Following the name and the phrase is the dot-com, dot-org, dot-abc, or any other extension you may have in mind. The extension does not have to be real, so you can come up with anything you like as long as you can remember.

Examples of mimicking email address when creating passwords:

Name: Mrs.Stacy

Related phrase: Teacher

Password: [email protected]

Name: SpaceX

Related phrase: The Dragon Capsule

Password: [email protected]

Name: Thomas

Related phrase: Hates winter

Password: [email protected]

Examples of strong password using email address pattern.

The complexity of creating passwords using email patterns increased dramatically due to added special characters and the overall length of the passwords. On the other hand, the pattern remains the same, making them easier to remember.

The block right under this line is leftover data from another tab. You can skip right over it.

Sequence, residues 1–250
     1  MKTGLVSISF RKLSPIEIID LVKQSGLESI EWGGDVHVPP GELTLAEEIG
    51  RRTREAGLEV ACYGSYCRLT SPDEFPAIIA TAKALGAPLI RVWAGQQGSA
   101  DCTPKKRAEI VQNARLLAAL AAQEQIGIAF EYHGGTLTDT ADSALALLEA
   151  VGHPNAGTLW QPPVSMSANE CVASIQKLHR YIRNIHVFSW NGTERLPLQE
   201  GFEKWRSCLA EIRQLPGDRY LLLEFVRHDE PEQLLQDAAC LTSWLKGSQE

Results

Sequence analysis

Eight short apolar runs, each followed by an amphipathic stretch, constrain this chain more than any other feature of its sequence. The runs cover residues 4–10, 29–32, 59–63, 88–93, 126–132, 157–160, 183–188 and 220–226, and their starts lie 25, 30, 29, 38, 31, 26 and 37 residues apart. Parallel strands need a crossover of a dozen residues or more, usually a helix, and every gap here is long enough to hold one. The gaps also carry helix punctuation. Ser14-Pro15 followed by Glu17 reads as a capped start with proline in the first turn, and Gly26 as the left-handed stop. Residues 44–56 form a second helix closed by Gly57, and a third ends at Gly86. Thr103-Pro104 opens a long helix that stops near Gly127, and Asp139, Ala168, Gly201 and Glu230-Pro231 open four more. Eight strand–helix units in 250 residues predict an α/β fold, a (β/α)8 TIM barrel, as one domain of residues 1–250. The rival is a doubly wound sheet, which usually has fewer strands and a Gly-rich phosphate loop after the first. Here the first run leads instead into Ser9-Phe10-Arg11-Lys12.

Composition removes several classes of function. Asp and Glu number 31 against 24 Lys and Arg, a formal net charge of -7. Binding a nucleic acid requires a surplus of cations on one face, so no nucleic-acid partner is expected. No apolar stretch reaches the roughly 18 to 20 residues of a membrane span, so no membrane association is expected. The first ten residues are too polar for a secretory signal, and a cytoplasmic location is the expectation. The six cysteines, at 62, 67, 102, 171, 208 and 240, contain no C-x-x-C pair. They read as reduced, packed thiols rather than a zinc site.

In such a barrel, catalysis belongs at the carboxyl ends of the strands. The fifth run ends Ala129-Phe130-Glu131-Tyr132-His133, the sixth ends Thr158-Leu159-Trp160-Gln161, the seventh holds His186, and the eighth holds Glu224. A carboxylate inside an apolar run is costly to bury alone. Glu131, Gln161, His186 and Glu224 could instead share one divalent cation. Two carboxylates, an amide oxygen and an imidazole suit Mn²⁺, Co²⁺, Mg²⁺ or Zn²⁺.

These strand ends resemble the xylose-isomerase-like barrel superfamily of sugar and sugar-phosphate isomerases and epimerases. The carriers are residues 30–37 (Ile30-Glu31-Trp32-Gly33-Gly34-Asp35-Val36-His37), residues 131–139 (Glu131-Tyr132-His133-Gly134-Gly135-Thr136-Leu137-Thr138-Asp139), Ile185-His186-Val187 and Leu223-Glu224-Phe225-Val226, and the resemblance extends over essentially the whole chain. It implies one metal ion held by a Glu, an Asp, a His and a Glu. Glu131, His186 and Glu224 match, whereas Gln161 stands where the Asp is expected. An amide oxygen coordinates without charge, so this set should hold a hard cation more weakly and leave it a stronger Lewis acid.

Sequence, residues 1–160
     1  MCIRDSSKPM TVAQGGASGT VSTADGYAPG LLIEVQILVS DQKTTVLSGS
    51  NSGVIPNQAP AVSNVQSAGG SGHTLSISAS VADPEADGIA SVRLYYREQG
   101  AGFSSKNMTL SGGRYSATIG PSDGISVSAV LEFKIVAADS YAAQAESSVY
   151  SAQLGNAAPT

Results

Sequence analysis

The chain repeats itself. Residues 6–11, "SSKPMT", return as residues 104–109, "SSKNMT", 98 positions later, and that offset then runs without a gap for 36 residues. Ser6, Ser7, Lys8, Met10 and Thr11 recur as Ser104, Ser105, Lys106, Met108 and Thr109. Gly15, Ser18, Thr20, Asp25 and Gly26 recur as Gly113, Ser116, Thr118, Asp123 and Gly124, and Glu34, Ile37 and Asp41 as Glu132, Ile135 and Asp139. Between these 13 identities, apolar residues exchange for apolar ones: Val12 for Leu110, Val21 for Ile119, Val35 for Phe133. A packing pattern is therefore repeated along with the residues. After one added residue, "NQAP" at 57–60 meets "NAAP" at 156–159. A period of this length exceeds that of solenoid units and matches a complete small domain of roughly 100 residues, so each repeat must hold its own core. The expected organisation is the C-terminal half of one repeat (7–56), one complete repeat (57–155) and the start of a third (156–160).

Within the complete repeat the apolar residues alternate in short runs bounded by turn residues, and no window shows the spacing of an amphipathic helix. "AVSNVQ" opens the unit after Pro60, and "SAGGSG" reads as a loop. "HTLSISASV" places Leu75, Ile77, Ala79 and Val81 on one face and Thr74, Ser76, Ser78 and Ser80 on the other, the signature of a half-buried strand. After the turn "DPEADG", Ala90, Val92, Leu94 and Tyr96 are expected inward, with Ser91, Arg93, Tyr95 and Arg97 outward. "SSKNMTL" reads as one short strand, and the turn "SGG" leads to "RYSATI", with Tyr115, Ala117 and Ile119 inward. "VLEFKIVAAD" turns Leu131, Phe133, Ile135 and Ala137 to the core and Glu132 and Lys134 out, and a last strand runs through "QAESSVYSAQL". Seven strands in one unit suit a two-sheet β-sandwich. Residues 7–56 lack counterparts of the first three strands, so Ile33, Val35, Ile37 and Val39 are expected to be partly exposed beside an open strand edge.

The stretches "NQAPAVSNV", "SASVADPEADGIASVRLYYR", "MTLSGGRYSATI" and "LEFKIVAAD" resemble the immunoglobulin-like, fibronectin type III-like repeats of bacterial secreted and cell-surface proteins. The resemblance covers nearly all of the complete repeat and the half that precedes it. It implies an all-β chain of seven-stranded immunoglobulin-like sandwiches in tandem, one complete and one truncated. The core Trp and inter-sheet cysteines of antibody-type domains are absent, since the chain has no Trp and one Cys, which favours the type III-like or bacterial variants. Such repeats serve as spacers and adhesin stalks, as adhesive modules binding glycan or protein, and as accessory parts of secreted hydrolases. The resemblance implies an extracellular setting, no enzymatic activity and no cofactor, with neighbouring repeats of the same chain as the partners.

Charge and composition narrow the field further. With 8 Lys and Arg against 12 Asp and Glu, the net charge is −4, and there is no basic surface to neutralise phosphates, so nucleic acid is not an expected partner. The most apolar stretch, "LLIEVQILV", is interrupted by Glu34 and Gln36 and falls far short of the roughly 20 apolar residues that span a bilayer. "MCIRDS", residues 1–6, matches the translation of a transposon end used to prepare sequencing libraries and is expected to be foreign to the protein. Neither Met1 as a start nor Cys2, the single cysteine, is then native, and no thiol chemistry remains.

3) Create passwords as a URL addresses.

Creating a password that looks like a URL address is another example of a strong, unique password that can be easily remembered if created correctly.

Below are some examples of a URL password:#

  • www.this-is-my-uncrackable-password.com
  • www.I.hate.facebook.social.network.net
  • ftp.File-Transfer-Protocol.edu
  • www.let_tweet_something.spam
Example of a URL password.

4) Create passwords with letters swapping.

This is also a really nice technique that I believe is specifically designed, so the words used in the password are less likely to appear in the passwords lists used often by hackers in dictionary attacks. You don’t have to stop swapping single letters; you can swap two or three letters if you like. Make sure to create passwords that are pronounceable and easy to remember.